STUTTGART, Germany — In anticipation of the annual NATO summit next week, Germany and France have reinstituted border controls, which means Americans planning road trips should expect to be stopped and checked for proper identification as they cross borders.

NATO’s two-day conference kicks off April 3, but tighter security measures already are in effect. Last week, French authorities announced they would restore controls on France’s borders with neighboring countries until April 5. Germany announced similar measures.

That means U.S. citizens planning off-duty trips should be sure to carry their tourist passports to avoid hassles and possible fines for traveling without proper identification.

Travelers on official duty may be authorized to enter France with official orders and a military identification card. However, U.S. Army Europe officials recommend that all travelers consult with travel experts from their respective organizations about specific guidelines when traveling across any international border.

For people planning visits to Switzerland and Austria — two non-NATO countries — military identification cards and official passports don’t count as valid identification. Instead, tourist passports are required.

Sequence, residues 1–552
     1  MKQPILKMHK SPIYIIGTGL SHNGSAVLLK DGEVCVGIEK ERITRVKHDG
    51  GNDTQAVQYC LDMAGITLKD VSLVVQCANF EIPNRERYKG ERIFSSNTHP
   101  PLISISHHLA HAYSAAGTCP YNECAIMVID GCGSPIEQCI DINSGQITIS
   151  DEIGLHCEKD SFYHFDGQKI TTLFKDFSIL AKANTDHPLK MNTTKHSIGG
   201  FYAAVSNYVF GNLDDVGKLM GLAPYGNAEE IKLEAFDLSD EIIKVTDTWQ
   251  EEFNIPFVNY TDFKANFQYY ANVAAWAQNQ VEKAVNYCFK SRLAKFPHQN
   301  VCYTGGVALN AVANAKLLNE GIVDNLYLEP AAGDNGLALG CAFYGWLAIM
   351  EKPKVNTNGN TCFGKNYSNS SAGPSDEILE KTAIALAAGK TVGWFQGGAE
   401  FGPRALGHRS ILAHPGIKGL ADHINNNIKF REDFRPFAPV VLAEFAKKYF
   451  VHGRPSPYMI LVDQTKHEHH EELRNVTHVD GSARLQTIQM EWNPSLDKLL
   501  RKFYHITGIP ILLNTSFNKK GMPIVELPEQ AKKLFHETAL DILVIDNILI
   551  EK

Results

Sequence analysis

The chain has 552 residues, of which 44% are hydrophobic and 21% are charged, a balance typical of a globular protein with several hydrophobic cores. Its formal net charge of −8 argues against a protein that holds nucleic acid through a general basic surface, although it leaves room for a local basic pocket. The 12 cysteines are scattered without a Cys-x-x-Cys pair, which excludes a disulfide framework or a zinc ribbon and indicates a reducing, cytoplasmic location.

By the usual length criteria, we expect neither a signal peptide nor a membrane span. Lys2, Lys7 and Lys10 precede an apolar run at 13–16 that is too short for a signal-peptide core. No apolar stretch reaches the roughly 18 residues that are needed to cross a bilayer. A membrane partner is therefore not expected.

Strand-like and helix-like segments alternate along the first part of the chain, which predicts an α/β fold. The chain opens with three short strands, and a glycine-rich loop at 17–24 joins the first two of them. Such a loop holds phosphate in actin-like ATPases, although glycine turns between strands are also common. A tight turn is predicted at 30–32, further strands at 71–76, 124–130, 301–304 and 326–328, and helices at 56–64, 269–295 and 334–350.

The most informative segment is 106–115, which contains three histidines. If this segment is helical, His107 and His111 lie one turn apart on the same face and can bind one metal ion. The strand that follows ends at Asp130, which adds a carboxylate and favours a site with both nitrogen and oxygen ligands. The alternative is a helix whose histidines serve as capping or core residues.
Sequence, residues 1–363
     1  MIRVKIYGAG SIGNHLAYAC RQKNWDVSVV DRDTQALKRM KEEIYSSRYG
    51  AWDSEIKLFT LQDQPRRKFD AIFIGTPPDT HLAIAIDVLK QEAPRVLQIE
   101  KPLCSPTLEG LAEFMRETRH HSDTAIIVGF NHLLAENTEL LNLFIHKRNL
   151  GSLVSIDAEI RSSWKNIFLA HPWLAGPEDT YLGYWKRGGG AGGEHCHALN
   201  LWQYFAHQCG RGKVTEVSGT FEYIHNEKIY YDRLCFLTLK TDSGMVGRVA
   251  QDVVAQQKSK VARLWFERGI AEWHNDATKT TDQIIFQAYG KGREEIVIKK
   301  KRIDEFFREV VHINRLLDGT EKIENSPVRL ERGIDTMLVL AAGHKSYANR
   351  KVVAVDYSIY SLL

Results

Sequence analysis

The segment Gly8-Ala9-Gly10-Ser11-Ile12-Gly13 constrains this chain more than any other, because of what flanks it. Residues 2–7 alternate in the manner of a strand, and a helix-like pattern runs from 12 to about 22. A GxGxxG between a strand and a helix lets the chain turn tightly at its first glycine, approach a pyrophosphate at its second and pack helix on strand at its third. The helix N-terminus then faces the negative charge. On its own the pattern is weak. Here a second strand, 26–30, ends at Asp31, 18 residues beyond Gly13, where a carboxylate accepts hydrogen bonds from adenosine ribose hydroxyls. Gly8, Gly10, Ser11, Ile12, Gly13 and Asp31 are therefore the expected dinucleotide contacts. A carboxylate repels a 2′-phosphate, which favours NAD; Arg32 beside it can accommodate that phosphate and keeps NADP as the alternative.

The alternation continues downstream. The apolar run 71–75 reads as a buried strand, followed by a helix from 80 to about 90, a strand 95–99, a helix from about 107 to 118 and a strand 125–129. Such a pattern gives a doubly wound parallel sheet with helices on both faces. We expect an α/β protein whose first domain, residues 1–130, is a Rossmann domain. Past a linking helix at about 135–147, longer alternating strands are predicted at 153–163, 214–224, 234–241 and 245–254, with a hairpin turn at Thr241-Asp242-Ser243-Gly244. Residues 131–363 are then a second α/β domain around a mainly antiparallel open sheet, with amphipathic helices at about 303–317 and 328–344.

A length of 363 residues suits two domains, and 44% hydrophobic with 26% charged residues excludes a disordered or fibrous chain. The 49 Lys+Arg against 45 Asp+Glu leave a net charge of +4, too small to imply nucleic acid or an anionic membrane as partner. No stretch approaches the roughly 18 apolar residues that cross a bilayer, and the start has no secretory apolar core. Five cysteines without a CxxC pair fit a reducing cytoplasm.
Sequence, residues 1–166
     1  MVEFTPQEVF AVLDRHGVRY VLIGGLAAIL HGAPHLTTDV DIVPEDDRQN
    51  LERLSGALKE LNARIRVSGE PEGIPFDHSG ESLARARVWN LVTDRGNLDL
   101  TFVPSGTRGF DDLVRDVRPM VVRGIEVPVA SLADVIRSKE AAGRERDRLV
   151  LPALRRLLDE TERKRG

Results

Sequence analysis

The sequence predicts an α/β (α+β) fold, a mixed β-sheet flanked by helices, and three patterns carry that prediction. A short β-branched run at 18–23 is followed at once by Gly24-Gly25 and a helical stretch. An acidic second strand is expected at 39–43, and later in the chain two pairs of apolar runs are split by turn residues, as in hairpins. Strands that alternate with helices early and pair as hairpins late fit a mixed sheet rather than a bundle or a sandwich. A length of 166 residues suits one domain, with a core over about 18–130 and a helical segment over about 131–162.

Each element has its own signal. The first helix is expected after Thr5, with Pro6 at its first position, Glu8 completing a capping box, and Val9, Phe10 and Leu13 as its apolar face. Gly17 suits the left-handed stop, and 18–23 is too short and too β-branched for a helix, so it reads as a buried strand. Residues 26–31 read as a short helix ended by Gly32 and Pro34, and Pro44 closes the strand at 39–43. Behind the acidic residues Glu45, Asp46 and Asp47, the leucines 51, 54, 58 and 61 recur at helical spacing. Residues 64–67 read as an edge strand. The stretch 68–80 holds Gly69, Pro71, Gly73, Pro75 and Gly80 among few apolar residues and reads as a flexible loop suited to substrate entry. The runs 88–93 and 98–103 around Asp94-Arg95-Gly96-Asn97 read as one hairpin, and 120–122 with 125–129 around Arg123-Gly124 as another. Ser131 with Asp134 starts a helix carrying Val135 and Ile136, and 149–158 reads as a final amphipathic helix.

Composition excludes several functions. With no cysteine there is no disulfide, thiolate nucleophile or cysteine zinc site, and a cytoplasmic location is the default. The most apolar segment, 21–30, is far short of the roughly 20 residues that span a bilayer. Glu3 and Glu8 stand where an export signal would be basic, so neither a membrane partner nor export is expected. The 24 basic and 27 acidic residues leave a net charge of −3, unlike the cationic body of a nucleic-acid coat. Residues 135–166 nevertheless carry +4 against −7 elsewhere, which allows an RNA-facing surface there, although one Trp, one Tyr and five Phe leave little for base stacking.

It should also be noted that a USAREUR-issued driver’s license is valid in the country where it was issued and that an international license is required for driving in other countries, according to USAREUR.

Meanwhile, USAREUR warns that numerous anti-NATO demonstrators are anticipated in the vicinity of the summit sites. Between April 1 and April 5, up to 15,000 protesters are expected to hold various rallies around the Strasbourg region.

"It’s important that our personnel constantly practice the personal protective measures taught in Level I antiterrorism training and carry the proper documents when traveling in Europe," said Don Grosz, acting chief of the antiterrorism division of the USAREUR operations directorate, in a news release.

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John covers U.S. military activities across Europe and Africa. Based in Stuttgart, Germany, he previously worked for newspapers in New Jersey, North Carolina and Maryland. He is a graduate of the University of Delaware.

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